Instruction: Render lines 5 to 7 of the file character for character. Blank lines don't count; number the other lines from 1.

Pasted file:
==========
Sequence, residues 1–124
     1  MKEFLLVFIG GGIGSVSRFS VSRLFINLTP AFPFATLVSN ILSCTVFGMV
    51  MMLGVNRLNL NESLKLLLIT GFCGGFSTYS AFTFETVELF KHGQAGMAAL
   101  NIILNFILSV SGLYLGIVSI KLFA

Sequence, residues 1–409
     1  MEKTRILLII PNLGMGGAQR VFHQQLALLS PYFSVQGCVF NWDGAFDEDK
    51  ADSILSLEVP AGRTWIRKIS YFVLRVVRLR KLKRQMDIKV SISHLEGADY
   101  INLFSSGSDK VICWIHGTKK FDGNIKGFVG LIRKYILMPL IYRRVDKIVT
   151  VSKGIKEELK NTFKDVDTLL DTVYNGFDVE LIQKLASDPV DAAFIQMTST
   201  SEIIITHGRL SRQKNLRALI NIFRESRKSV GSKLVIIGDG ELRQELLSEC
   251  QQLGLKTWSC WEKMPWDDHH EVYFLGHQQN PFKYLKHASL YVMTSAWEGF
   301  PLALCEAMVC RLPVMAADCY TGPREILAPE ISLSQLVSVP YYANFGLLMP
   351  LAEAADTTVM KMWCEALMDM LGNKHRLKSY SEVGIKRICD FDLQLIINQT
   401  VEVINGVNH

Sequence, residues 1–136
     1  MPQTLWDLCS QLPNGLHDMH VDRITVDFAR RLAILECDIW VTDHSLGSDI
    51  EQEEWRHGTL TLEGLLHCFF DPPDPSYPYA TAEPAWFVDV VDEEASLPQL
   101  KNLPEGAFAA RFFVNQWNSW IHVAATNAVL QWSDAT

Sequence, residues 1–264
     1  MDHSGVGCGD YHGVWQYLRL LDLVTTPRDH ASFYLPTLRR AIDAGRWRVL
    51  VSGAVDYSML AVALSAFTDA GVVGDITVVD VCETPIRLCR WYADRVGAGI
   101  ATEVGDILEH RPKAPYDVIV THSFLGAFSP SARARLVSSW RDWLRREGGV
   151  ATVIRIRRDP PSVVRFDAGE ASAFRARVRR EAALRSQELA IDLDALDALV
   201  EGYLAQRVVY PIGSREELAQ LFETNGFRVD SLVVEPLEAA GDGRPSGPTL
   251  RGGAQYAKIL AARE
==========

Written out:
Sequence, residues 1–409
     1  MEKTRILLII PNLGMGGAQR VFHQQLALLS PYFSVQGCVF NWDGAFDEDK
    51  ADSILSLEVP AGRTWIRKIS YFVLRVVRLR KLKRQMDIKV SISHLEGADY